December 13, 2011

Chestnut Mousse in Lemon Thyme Shortbread Cups

I remember the first time I ate a chestnut. I was 7 years old, it was a cold December day in Vancouver, and the sight and smell of roasting chestnuts on a street corner lit up a fire in my soul. I was in complete awe of the magic and warmth of them in my hands.

One of my favourite things about late fall in Toronto is that baskets of chestnuts start appearing at all the neighbourhood fruit stands. I love roasting them up at this time of year, it's so easy and such a delicious treat with egg nog or a cup of tea. And it's a healthy one at that! They are the only nut that contains vitamin C, they also contain folate (so they're great to eat during pregnancy), and they have cancer-fighting tannins. To roast them, all you have to do make a cut down the side and put them in a 400 F oven for about 20 minutes. Easy.

For a long time, I thought edible chestnuts couldn't grow here and that we only had imports. But The Big Carrot has beautiful shiny Ontario-grown organic chestnuts. They are double the price of the Italian imports, but it's worth it because they are as fresh as can be!

Now, here is the thing about chestnuts that truly makes my heart skip a beat: crème de marron. This is the French chestnut purée that is cooked in syrup and vanilla, so that it turns into a thick, gooey jam. Whenever I spend time in France or Italy, I pack as many cans & jars of the stuff as I can fit in my bags.

My mom used to mix equal parts crème de marron and whipped cream as a special dessert. No big deal you're probably thinking, but if you're like me, this combination will have you down on your knees. I can't even find the words to say how much I love the rich velvety mixture of these 2 things put together. And it takes 5 minutes to make. Open the can, whip some cream, mix the 2 and voilà!  Instant gourmet fast food. One Easter, my mom served it in goblets made of dark chocolate. It was exquisite. For this version, I decided to make little cups out of lemon thyme shortbread since it felt kind of festive, and we have some thriving lemon thyme in our garden.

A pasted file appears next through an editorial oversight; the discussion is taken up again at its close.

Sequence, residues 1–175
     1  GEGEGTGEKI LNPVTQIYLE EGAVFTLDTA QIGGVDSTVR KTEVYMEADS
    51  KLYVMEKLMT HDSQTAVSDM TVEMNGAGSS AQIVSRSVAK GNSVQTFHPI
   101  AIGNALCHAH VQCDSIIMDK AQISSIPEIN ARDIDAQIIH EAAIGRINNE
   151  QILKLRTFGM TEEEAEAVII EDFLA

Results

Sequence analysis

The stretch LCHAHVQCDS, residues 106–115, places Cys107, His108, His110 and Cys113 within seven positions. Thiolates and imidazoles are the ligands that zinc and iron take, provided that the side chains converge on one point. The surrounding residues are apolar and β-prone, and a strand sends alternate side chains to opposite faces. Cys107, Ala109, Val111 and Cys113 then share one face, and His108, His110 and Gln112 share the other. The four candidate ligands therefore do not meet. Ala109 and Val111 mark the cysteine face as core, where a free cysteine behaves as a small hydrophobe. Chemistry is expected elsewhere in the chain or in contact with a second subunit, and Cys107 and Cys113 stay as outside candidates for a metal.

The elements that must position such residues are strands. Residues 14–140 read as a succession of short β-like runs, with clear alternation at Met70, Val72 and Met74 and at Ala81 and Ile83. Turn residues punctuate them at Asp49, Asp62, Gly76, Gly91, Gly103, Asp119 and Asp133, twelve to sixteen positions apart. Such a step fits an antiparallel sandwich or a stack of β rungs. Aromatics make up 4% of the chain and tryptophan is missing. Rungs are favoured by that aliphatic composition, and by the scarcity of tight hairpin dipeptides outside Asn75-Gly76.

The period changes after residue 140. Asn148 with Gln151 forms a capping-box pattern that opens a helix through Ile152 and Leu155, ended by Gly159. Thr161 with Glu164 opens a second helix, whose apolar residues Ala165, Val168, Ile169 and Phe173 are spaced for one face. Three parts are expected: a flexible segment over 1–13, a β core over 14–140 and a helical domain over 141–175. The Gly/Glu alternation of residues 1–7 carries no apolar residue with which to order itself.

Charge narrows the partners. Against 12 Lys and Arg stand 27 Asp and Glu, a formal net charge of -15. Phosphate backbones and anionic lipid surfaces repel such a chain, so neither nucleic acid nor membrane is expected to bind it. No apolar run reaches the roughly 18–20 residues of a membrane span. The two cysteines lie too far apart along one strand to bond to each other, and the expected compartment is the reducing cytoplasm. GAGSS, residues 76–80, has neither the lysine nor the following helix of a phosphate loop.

But making this recipe turned into an epic adventure because I decided to make the crème de marron from scratch for the first time ever. It was very satisfying to make on my own. However, a word of caution: it took me a whole afternoon to remove the chestnut meat from the shells, so it was a long tedious process. (Next time I think I will just roast them instead of boiling them). If you're pressed for time, I recommend you buy the store-bought stuff if you can get your hands on it.

250 ml whipped cream
1 cup creme de marron (for recipe see below)

(Note: if you don't have time to make these, you can instead opt for waffle bowls, chocolate cups, meringue nests, basically anything sweet and yummy that will serve as a vessel for the chestnut & whipped cream, but be sure not to overpower it, the flavours are subtle and you won't want to miss out)

1 cup butter
1/2 cup sugar
2 1/4 cup flour
1 tbsp grated lemon rind (make sure it's organic, they spray nasty stuff on citrus) 
fresh lemon thyme leaves

Beat the sugar and butter. Add the flour with thyme & lemon rind and mix into soft dough. Roll out to 1/2 cm thick and cut into large circles. Carefully press into muffin tins and bake at 350 F oven for about 12 to 15 minutes. Remove from muffin tin and cool fully. Spoon in the chestnut mousse and garnish. 

1 kg chestnuts
600 grams sugar
vanilla beans

Make a long cut on the side of each chestnut.  Boil in several litres of water for about 10 minutes. (Or roast in the oven). Here is a good video showing one particular cutting-boiling technique. The main thing is to be able to remove all shells and skins so you are just left with the nut. Once all the chestnuts are skinned, put them in a big pot with a cup of water (add more later if it gets too dry). Cook the chestnuts and water until you can crush them easily with a fork (about 25 minutes). Cool and purée them with hand blender. Weigh the purée. You should have about 1kg. Use 600 grams of sugar for each kilo of chestnut puree. (Traditional recipes say more but I find them too sweet). Boil the sugar with 1 cup of water until a syrup is obtained that forms a soft blob when dropped in a glassful of water. (Just before the candy stage). Mix in the chestnut puree at this stage with your vanilla beans. Simmer for about 20 minutes and remove the vanilla. Your crème de marron should be very thick. You can bottle it up as you would jam (or if you're going to use it right away, simply store it in the fridge).


  1. Aube, the first time I had chestnuts was last Christmas with you at Gary's! True story! These look absolutely delicious - a lot of work, but well worth it I bet.

  2. I remember that! Let's eat some again this year! I'm crossing my fingers that Gary might be whipping up his homemade eggnog recipe this year :-)

  3. Great stuff, Aube!! I loved the editing with the music - perfect!!

  4. you ought to be famous

  5. Hi there, Melissa here from Food Bloggers of Canada. Just popping by to check out your blog and to let you know we've added you to our Membership Directory. Welcome aboard! Also, these are just so beautiful :)

  6. Thanks Melissa! Glad to be on-board such a fabulous community of food bloggers! :-)